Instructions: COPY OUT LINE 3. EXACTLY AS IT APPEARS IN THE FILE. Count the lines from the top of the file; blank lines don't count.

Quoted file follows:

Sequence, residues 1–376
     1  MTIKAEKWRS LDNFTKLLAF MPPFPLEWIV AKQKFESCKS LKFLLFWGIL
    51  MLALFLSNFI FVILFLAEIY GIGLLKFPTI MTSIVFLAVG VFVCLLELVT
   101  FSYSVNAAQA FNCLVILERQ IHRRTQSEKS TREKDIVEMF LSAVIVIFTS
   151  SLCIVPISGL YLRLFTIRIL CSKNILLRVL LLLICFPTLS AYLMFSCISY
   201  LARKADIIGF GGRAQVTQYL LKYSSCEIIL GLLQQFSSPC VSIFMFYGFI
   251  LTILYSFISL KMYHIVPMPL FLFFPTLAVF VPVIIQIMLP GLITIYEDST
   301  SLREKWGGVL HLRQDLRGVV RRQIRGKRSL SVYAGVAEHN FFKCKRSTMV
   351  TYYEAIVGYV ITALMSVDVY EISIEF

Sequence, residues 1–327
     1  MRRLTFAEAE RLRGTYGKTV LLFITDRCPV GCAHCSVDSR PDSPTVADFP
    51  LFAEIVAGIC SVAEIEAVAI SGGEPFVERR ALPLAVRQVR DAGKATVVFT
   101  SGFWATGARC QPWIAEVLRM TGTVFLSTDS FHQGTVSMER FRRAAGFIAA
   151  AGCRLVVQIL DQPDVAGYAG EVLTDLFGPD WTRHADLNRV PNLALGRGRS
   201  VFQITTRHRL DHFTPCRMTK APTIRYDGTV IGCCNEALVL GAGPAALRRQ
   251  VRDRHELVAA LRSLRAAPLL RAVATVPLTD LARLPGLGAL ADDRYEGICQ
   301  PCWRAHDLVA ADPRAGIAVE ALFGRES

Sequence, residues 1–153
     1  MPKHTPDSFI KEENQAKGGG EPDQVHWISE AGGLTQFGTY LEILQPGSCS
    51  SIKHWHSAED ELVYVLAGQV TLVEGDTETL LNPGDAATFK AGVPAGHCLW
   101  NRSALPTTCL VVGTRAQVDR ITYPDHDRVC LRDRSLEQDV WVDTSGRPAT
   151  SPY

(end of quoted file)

    51  MLALFLSNFI FVILFLAEIY GIGLLKFPTI MTSIVFLAVG VFVCLLELVT